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Illinois Jail is Lined Up to Hold Guantánamo Detainees
'Super-maximum' facility backed by state governor but would need approval of Congress
A significant number of the remaining 215 inmates of Guantánamo Bay could be transferred to a maximum-security prison in rural Illinois, according to a source in President Barack Obama's administration.
The source described the Thomson Correctional Centre, a 1,600-cell maximum security facility built in 2001, as the "leading contender" to house a number of suspected terrorists detained at the Guantánamo Bay base in Cuba, which Obama has vowed to close.
The president, a former Illinois senator, is understood to have spoken to the state governor, fellow Democrat Pat Quinn, about the issue. The prison, 150 miles from Chicago, has never been fully operational because of budget problems and now houses 200 minimum-security prisoners. Under the proposal, it would be sold to the federal government to be used as a "super-maximum" facility.
Speculation over where Guantánamo inmates would be housed has been heightened after Friday's announcement that the five key alleged plotters in the 9/11 attacks – including Khalid Sheikh Mohammed – will be tried by a civilian court in New York, in the same district where the Twin Towers once stood.
The US Justice Department also announced the legal processes that other detainees would face, including an alleged plotter in the bombing of the US destroyer Cole in 2000, who will go before a military tribunal.
The decision to try Mohammed and four other suspects in a federal court before a jury has already provoked a heated debate in the US. Critics have questioned the staging of a civil trial for those who see themselves as engaged in a conflict with America and the west.
Any decision to move detainees from Guantánamo to the US – already opposed by many US politicians and banned by Congress – would also be highly controversial.
Thomson prison is near the Iowa border on the Mississippi river. It is surrounded by a double fence, which is partly electrified. According to the Illinois state department of corrections, Thomson's "design, movement patterns and programming options... allow a strong community of order to be maintained... [with] inmates [able to] be monitored under constant armed and electronic surveillance".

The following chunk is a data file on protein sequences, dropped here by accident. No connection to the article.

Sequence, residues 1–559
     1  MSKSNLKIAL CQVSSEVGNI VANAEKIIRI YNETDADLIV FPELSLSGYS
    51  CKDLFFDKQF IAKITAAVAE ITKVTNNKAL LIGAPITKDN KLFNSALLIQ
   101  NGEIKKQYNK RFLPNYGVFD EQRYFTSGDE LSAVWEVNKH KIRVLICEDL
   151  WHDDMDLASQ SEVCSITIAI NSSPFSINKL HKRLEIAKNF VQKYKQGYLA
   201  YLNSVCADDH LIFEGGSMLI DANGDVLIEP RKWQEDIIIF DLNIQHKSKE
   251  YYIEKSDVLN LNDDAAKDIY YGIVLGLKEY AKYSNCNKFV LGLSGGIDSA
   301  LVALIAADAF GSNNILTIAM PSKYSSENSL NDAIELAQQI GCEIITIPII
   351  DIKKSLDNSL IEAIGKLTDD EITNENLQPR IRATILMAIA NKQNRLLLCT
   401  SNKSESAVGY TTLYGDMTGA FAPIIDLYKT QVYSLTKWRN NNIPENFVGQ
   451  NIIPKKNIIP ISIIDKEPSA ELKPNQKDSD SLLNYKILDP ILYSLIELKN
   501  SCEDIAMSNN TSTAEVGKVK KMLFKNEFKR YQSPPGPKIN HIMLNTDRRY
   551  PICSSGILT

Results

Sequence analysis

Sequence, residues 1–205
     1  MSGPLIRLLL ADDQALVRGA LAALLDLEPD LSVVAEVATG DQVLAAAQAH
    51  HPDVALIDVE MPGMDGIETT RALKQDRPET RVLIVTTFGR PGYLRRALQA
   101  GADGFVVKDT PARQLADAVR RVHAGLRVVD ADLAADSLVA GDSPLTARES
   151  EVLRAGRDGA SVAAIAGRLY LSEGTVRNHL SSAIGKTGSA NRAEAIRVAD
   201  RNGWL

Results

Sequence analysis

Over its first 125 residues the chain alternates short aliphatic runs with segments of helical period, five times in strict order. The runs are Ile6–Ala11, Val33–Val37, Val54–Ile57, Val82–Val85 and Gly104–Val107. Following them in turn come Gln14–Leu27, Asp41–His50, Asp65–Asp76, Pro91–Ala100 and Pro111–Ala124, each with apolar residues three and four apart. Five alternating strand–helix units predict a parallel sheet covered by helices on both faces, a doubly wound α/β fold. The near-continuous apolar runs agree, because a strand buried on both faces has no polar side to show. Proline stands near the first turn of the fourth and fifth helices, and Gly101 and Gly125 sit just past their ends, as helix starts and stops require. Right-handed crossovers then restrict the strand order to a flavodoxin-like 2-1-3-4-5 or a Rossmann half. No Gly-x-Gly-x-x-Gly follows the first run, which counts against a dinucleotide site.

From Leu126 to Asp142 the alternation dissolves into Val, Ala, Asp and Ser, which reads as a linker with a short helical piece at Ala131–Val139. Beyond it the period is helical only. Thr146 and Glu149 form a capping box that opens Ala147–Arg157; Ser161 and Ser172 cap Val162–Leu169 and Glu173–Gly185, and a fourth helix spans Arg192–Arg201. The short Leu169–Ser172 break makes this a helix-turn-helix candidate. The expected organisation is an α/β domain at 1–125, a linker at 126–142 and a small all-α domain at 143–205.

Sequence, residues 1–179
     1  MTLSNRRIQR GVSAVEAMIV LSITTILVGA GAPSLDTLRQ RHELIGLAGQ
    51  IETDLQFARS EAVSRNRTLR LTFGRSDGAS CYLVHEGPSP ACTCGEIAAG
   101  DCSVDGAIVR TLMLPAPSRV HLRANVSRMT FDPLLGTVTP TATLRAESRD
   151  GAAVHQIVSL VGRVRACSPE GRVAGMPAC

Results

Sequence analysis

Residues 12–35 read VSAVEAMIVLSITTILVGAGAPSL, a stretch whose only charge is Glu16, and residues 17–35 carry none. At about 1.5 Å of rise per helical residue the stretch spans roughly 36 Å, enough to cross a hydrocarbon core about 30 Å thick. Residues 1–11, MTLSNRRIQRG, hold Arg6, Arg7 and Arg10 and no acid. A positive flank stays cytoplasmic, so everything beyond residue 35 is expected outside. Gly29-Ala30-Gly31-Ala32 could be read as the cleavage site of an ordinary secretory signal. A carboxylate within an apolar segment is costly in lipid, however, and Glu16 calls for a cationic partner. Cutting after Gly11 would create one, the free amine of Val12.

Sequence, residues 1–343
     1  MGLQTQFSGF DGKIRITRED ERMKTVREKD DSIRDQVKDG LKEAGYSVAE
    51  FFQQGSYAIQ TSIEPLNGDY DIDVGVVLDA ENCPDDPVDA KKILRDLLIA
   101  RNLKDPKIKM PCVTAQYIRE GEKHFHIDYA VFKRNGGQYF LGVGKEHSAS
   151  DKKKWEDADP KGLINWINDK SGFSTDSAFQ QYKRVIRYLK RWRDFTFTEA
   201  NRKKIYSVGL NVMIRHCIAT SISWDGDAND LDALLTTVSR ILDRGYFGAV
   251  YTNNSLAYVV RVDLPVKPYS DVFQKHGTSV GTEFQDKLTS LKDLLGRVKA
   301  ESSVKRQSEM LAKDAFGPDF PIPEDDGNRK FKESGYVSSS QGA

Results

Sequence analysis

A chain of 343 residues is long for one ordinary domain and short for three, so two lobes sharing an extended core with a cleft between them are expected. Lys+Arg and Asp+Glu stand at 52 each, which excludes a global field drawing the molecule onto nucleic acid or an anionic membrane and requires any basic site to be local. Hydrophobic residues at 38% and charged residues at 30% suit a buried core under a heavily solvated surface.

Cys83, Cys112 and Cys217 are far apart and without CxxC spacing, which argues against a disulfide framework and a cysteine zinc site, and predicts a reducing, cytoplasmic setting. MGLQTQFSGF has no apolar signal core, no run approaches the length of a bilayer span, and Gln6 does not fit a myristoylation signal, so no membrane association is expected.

Quinn has been a forceful advocate of the sale of the prison, writing recently to the attorney general and secretary for defence in a letter leaked to the Chicago Tribune. He said last week he intended to announce a plan for the prison in the next few days. In his letter he stated: "I understand that you are still considering other options but the Federal Bureau of Prisons would be hard-pressed to find a similar facility with such extensive safety and security measures already in place anywhere in America."
Thomson, which has been hard hit by the recession, appears to have few objections. When the idea was floated earlier this year the town's mayor, Jerry Hebeler, said he would not argue if the government wanted to house Guantánamo detainees in the prison.
"They can't be any worse than any murderer," Hebeler told a local newspaper in May. "It's maximum security. It's for that."
The plan would, however, require a change to the law that prevents the transfer of Guantánamo detainees to US soil except for trial proceedings. This would suggest that the Obama administration intends to push through prosecutions of more detainees, or it believes that with such strong support from the local communityit would make it easier to push the plan through Congress.